Court Below: 163 F. 3d 938
NOTE: Where it is feasible, a syllabus (headnote) will be released, as is being done in connection with this case, at the time the opinion is issued. The syllabus constitutes no part of the opinion of the Court but has been prepared by the Reporter of Decisions for the convenience of the reader. See United States v. Detroit Timber & Lumber Co., 200 U. S. 321, 337.
SUPREME COURT OF THE UNITED STATES
EDWARDS, WARDEN v. CARPENTER
Certiorari To The United States Court Of Appeals For The Sixth Circuit
Respondent pleaded guilty while maintaining his innocence to Ohio murder and robbery charges in exchange for the prosecutor's agreement that the plea could be withdrawn if the death penalty was imposed. The Ohio Court of Appeals affirmed his conviction and sentence of imprisonment, and he did not appeal to the Ohio Supreme Court. After pursuing state post-conviction relief pro se, respondent, represented by new counsel, petitioned the Ohio Court of Appeals to reopen his direct appeal, claiming that his original appellate counsel was constitutionally ineffective in failing to challenge the sufficiency of the evidence supporting his conviction and sentence. The court dismissed the application as untimely under Ohio Rule of Appellate Procedure 26(B), and the Ohio Supreme Court affirmed. Respondent then filed a federal habeas petition, raising, inter alia, the sufficiency-of-the-evidence claim, and alleging that his appellate counsel was constitutionally ineffective in not raising that claim on direct appeal. The District Court found that his ineffective-assistance-of-counsel claim was cause excusing the procedural default of his sufficiency-of-the-evidence claim because Rule 26(B) was not an adequate procedural ground to bar federal review of the ineffective-assistance claim; concluded that respondent's appellate counsel was constitutionally ineffective; and granted the writ conditioned on the state appellate court's reopening of respondent's direct appeal of the sufficiency-of-the-evidence claim. On cross-appeals, the Sixth Circuit held that the ineffective-assistance claim served as cause to excuse the default of the sufficiency-of-the-evidence claim, whether or not the former claim had been procedurally defaulted, because respondent had exhausted the ineffective-assistance claim by presenting it to the state courts in his application to reopen the direct appeal. Finding prejudice from counsel's failure to raise the sufficiency-of-the-evidence claim on direct appeal, it directed the District Court to issue the writ conditioned upon the state court's according respondent a new culpability hearing.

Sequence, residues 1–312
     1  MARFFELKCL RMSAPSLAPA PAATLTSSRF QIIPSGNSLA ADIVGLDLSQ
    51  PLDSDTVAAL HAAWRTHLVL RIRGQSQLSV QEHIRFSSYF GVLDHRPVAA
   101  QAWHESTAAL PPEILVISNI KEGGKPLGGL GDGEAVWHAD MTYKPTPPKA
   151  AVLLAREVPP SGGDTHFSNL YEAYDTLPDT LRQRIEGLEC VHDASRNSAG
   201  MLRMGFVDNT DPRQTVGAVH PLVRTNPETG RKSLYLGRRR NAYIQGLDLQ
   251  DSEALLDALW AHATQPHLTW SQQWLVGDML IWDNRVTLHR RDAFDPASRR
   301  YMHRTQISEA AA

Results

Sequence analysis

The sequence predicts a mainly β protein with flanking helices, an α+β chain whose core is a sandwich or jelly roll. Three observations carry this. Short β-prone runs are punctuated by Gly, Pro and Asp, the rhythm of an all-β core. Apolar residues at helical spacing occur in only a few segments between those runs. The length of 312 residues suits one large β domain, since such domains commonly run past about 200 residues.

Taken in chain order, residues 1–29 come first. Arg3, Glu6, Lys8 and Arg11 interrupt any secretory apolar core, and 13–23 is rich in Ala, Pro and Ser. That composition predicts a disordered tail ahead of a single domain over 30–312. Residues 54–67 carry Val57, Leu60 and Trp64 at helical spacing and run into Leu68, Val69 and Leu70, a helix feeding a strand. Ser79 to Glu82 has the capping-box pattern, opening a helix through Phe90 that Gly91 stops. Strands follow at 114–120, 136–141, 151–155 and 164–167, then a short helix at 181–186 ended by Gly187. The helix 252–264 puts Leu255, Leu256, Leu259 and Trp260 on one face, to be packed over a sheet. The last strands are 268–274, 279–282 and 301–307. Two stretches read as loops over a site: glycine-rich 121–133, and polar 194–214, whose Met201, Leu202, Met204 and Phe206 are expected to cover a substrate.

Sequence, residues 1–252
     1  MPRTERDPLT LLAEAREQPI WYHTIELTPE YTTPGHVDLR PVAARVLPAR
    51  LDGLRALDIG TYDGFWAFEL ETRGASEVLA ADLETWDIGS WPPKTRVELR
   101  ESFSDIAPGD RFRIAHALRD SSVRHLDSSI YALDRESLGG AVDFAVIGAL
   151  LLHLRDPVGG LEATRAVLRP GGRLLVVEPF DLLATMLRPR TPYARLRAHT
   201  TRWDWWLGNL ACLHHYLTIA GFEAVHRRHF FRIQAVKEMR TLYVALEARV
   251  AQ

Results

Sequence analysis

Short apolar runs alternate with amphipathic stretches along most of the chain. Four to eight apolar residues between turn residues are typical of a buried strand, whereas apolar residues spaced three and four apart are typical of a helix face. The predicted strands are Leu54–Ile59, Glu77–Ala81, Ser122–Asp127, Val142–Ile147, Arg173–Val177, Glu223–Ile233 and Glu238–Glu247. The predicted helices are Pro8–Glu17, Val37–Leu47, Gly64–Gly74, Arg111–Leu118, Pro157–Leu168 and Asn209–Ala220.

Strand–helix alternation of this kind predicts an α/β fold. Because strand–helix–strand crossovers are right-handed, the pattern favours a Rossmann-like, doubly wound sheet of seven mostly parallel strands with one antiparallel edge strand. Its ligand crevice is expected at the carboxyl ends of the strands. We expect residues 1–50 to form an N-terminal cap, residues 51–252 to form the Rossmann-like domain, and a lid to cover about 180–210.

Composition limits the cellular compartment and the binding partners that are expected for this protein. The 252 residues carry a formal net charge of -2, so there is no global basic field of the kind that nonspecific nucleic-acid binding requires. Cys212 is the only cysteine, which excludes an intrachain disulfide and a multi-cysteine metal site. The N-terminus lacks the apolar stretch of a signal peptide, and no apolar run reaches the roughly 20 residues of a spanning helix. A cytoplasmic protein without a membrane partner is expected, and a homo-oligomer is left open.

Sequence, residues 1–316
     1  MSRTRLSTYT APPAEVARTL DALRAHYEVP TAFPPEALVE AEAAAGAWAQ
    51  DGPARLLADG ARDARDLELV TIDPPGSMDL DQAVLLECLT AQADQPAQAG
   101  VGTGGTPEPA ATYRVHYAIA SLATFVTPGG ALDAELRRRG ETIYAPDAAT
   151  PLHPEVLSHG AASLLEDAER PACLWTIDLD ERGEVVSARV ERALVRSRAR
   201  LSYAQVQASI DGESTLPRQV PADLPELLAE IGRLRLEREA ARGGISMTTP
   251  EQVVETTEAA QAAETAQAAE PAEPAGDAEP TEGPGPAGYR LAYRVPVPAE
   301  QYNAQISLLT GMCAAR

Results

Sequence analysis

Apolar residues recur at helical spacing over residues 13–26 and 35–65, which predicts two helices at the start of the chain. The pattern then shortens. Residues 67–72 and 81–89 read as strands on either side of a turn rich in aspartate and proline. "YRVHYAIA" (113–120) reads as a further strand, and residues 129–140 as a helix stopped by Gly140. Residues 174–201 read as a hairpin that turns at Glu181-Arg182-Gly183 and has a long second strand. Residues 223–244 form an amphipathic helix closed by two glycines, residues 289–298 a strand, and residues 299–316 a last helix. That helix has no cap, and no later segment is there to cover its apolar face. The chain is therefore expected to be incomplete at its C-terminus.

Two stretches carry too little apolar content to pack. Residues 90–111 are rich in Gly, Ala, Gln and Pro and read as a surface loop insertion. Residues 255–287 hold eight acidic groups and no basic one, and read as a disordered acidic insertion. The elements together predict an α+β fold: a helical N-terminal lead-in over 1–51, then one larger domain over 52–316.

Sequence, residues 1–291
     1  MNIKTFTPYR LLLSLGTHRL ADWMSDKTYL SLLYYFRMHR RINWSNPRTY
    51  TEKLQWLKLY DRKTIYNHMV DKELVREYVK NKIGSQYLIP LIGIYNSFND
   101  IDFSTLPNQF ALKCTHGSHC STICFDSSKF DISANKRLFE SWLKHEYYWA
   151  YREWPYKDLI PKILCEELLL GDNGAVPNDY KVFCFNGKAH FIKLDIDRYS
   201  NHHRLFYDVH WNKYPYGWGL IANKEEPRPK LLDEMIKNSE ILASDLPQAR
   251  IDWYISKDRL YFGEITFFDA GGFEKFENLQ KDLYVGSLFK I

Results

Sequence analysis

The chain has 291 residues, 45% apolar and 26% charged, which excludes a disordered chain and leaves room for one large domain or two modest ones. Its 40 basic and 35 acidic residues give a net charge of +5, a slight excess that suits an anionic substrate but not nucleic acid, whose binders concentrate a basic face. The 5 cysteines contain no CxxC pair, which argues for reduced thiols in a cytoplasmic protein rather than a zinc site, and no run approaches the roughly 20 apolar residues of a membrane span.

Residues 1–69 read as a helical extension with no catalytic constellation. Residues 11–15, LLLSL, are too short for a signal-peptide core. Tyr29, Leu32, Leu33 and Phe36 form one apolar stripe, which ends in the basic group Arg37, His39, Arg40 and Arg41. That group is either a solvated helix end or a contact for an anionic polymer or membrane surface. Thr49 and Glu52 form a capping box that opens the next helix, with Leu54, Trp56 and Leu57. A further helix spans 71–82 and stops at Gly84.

Held: A procedurally defaulted ineffective-assistance claim can serve as cause to excuse the procedural default of another habeas claim only if the habeas petitioner can satisfy the "cause and prejudice" standard with respect to the ineffective-assistance claim itself. The procedural default doctrine and its attendant "cause and prejudice" standard are grounded in comity and federalism concerns, Coleman v. Thompson, 501 U. S. 722, 730, and apply whether the default occurred at trial, on appeal, or on state collateral attack, Murray v. Carrier, 477 U. S. 478, 490-492. Thus, a prisoner must demonstrate cause for his state-court default of any federal claim, and prejudice therefrom, before the federal habeas court will consider that claim's merits. 501 U. S., at 750. Counsel's ineffectiveness in failing properly to preserve a claim for state-court review will suffice as cause, but only if that ineffectiveness itself constitutes an independent constitutional claim. Carrier, supra, at 488-499. The comity and federalism principles underlying the doctrine of exhaustion of state remedies require an ineffective-assistance claim to be presented to the state courts as an independent claim before it may be used to establish cause for a procedural default. Carrier, supra, at 489. The doctrine's purposes would be frustrated if federal review were available to a prisoner who had presented his claim in state court, but in such a manner that the state court could not, under its procedural rules, have entertained it. Pp. 4-7.
The opinion of the court was delivered by: Justice Scalia